She is right at 30 pounds (that's about 4 pounds gained since August - that's what no daily puke will do!) We're actually going to be backing off some calories (we've been enriching her meals with coconut oil for several months now) because she's gaining weight much faster than she is getting taller. It's a balancing act for a kid who can't really monitor her own hunger.
She's had a really runny nose and a rash on her face for several weeks. Since any fever would put her in the ER (because of her port - any possible infection needs to be monitored closely) she is starting a brief course of antibiotics to help knock out anything that might be lingering.
She is also starting her vaccinations for the third time. Each time she has started, she has had to go through chemo, which means she needs to be vaccinated again. We don't want to risk her getting an infection that will run rampant in her still-compromised system (especially with so many un-vaccinated kids around these days.) Hopefully these are the last first vaccinations she will need!
We're still wading through the dark and murky waters of social services. We've had a few wins, but many things are still in progress.
- Scarlett got a handicap placard for us to use when driving with her in the car. We knew we could get one a while ago, but waited. We didn't really need it and did not want to deal with anyone's commentary when they see us using it with a seemingly normal family. I've seen many families like ours get nasty notes on their windshields by people who make assumptions based on what they see. It's in the car if we need it - and the bigger she gets, the more we might.
- We got approved for respite care. This is a service provided through our county Regional Center. Now that Scarlett is 3, she has been moved from the Early Intervention program to the long-term disability program. She qualifies for respite hours now, since she has a qualifying diagnosis (cerebral palsy, on paper) and requires more care than a typical 3 year old. We interview a care provider tomorrow, who will hopefully begin coming to give Chris a break some afternoons while I am at work.
- We have been getting visits from a deaf family mentor. She is a deaf woman, and she is just here to help, sign with us and chat. It's great! Chris gets a lot of signing practice at Scarlett's school each day, but I don't get to practice nearly enough. Since the only free time we have is dinner time, we cook, eat and sign together.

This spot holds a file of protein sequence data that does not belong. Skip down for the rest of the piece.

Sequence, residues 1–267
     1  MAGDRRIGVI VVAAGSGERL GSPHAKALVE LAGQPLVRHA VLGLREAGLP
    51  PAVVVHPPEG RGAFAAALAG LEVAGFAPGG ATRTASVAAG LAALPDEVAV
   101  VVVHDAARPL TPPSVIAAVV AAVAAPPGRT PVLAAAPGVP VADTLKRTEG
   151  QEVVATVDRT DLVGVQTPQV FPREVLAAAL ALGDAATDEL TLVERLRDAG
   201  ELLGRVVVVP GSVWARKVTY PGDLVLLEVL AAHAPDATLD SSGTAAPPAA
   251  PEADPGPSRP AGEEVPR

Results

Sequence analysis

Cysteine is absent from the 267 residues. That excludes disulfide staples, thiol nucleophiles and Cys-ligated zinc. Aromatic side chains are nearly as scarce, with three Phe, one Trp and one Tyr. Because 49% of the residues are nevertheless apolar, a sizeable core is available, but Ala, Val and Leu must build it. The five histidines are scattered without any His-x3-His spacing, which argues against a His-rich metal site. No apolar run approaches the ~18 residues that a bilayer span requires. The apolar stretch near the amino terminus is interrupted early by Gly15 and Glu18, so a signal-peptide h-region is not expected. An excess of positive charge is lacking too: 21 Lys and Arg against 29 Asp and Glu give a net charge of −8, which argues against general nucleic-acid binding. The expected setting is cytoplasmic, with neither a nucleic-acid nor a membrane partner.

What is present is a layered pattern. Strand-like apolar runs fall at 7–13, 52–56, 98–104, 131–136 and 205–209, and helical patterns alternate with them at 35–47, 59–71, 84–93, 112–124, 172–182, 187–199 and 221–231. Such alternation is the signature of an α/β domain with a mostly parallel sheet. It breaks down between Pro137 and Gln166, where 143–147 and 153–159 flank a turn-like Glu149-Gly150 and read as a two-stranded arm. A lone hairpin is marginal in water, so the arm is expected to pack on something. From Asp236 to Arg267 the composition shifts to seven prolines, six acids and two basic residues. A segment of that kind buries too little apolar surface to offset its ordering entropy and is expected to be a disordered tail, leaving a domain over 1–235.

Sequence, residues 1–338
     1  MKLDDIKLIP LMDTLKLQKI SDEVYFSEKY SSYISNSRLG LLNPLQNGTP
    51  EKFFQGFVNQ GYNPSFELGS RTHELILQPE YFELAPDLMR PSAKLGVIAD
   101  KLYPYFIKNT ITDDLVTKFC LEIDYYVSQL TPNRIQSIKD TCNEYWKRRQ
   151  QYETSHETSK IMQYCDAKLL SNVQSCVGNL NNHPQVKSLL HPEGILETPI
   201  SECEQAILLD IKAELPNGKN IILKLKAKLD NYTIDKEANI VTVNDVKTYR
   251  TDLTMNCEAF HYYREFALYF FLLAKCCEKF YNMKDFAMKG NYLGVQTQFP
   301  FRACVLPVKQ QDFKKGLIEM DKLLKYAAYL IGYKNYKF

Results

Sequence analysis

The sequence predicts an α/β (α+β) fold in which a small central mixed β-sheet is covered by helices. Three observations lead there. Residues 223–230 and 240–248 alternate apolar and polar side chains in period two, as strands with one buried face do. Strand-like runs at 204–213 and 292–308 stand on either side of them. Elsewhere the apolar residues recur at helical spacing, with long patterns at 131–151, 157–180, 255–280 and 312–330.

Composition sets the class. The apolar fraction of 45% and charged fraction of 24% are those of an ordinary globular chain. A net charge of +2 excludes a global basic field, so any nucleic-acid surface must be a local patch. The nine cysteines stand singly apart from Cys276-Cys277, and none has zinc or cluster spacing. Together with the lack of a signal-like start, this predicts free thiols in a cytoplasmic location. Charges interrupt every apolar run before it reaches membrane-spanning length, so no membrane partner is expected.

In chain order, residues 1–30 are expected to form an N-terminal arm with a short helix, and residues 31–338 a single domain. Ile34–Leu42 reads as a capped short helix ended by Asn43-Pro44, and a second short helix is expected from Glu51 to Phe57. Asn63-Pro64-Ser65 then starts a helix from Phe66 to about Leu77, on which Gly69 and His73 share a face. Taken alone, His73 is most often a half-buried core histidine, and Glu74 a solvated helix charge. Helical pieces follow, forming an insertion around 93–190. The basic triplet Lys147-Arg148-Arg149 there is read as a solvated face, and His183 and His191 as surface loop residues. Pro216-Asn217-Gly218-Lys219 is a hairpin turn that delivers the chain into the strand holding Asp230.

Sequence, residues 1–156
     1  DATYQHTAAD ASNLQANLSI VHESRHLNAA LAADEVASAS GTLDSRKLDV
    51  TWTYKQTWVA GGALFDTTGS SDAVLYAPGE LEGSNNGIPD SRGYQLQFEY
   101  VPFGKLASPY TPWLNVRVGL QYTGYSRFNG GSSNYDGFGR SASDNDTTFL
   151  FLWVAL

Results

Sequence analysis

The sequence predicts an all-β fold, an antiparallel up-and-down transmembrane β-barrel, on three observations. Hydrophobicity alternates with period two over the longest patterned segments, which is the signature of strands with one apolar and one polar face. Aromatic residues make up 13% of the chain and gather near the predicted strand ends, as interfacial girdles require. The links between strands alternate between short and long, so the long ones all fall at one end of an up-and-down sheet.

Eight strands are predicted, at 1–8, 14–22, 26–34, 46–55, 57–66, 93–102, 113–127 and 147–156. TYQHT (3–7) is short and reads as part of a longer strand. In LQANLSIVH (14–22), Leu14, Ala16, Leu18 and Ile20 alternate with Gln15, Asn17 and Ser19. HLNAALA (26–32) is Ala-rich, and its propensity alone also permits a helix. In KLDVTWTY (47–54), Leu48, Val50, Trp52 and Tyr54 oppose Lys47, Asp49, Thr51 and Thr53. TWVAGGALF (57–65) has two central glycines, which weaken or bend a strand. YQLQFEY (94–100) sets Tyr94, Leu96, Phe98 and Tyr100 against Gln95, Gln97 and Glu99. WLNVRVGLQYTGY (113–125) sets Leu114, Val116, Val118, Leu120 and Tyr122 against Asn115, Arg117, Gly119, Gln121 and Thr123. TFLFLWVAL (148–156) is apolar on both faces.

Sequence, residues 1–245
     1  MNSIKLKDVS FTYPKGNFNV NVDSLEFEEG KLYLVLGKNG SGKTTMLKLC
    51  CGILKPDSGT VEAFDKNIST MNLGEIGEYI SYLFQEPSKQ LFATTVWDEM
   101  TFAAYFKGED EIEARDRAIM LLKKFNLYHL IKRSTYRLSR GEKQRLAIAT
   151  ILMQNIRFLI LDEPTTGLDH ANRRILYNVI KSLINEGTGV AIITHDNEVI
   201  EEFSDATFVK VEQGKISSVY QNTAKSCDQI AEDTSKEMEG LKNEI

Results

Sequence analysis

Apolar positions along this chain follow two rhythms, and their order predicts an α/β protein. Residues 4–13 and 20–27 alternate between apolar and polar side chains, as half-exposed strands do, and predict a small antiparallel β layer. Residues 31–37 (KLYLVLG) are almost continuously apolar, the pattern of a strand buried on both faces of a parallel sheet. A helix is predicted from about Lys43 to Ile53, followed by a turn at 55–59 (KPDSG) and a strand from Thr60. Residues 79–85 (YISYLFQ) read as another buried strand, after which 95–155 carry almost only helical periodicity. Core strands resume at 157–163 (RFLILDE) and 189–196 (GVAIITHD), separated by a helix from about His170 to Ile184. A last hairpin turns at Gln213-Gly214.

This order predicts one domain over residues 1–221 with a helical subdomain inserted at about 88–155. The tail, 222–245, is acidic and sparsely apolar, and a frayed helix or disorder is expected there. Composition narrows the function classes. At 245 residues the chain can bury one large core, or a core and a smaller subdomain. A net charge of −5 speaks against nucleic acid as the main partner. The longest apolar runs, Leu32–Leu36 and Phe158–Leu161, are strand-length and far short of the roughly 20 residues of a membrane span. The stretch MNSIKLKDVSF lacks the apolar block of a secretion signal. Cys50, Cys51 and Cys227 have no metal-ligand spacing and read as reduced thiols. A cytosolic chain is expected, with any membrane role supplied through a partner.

- A speech therapy student, conveniently the niece of Scarlett's school director, has volunteered t come work with Scarlett to give herself some experience. She plays with Scarlett for an hour, giving Chris another much-needed break and Scarlett yet another opportunity to work on some speech goals.
- We're in the process of getting In Home Supportive Services (IHSS). This is a payment to Chris as the primary caregiver. It is another county-supported service, and is intended for people who would otherwise need to be in a medical facility to receive the level of care they require. Other people might pay a nurse or caregiver, and we're lucky to be able to have Chris able to be this person. He will be officially employed (by Scarlett!) and submit a time card for the services he provides that are outside the "normal" childcare range - including tube feeding, giving medications, diapering, dressing, lifting/moving/positioning and basically caring for her. It will be a huge help in making our decision to have him home with her full time viable for as long as we need to.
On the other hand, her state medical insurance was cancelled. This is incredibly frustrating. We worked for months to circumvent this problem, and tried to have everything in place for continued coverage, but a letter was delayed, a doctor went on vacation, and now it's in a bureaucratic mess. it took months, but we got the right letter with the right diagnosis that qualifies her for institutional deeming, or continued Medi-Cal, outside our income. This all depends on the Regional Center, which must provide one billable service in order to approve her need for institutional deeming, hence the new respite hours. This seems crazy to me - we have to have something else on top of what we need just to check a box on the paperwork - but I'll take it if it makes everything work the way it is supposed to.
Now, until the paperwork goes through, she can't have new hearing aid ear molds, and we are holding our breath that she doesn't get really sick (we're headed into the longest stretch outside the hospital EVER, so chances are slim, to say the least). Luckily, we still have private medical insurance which will cover the basics without too much damage, and a meeting tomorrow with the worker who is helping coordinate the transition.
The anniversaries of her diagnosis, surgeries, and start of all this chaos is coming over the next weeks. It's a tense time for me, with so many memories and dredged up fears. This may be the first time we haven't had a sick or recently-operated-upon child for Christmas, and I am looking forward to that!